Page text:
To start, this book is beautiful. The first thing you notice when you heft it up (it’s just about as tall as my forearm) is the quality of production: the solid feel, the thick pages, the bold rendering of the lines and colors. Initially its size and luxury make it seem like a coffee table book, something to show off to company. But the story within is far too complex and satisfying to simply flip through.
The Encyclopedia of Early Earth is an impressive debut for creator Isabel Greenberg. In 2011, she won the Observer Jonathan Cape Graphic Short Story Prize for her piece, “Love In A Very Cold Climate,” which provided the seed for Encyclopedia. (Don’t look it up yet! It’s only four pages, but it’s the four pages of emotional payoff in the longer book.) From that piece, which tells the love story between a Nord man and a South Pole woman, Greenberg expanded their shared universe to tell the story of how the Nord man journeyed all the way across the planet to find his soul mate.
Early Earth, the world in which these characters live, is the Earth that existed before our own, chock full of its own myths, gods, and histories, which we learn through the Odysseus-like travels of our protagonist. Only instead of a journey home from war, he is on a search for the small part of his soul that was lost as child. He sets out from Nord and heads south, landing in various new lands along the way, learning their stories and telling his own as only the clan Storyteller can. In this way, our Nord man, the greatest traveler of Early Earth and the first chronicler of its many myths, does indeed create an encyclopedia for the world. Ultimately, the book evolves into an examination of the nature of narratives and culture, bookended by the initial love story.
Readers will notice some familiar threads among the myths, such as a great world-clearing flood or a whale that swallows up our protagonist. But many elements are unique, such as the capricious and vain god BirdMan and his humanoid children, or the granny who fells a giant with just her wit and some sausages. Scattered throughout is enough sass and irreverence to make the book seem less, well, encyclopedic, and more like a good friend telling recounting a tale over the fire.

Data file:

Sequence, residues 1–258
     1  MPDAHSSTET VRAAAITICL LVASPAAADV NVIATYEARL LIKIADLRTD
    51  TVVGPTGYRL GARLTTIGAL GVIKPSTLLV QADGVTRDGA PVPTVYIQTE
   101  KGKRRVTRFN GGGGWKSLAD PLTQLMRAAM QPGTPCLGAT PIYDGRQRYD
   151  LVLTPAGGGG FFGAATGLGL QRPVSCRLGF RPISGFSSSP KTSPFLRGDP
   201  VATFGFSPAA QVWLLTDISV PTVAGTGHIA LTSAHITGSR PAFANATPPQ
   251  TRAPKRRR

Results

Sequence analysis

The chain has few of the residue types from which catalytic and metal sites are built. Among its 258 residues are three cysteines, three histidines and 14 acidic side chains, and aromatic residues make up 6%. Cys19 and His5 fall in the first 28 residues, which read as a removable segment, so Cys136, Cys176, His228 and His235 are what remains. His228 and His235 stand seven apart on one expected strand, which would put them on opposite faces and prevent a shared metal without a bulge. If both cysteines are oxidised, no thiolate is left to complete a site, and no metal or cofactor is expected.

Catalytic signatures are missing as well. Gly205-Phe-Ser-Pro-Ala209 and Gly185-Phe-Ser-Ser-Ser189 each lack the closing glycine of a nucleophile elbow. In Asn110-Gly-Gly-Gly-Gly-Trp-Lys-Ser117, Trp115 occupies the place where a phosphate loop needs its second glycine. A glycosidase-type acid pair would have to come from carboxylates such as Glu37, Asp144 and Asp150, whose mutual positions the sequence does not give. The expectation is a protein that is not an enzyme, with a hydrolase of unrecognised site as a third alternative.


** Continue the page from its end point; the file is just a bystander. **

And while Greenberg’s writing is excellent and carries the story to its cathartic conclusion, it is her art that really makes the book. Kate Beaton said the story was “housed neatly by tight drawings in a style that is bright enough to bring these worlds to life, and detached enough to feel a little otherworldly,” which is true and also quite fitting, since I would readily compare Greenberg’s art style with Beaton’s. Strong lines combine with bright color accents to make the scenes pop, and truly lovely watercolor-esque backgrounds evoke the chill of the landscape. Human emotion is captured just as effortlessly as the beauty and terror of the world’s genesis. Greenberg succeeds in creating an Early Earth that is vivid and captivating, and a world which is a pleasure to return to time and again.
Publisher: Little Brown
Pub date: December 3, 2013
Author: Isabel Greenberg
Review by Arielle Yarwood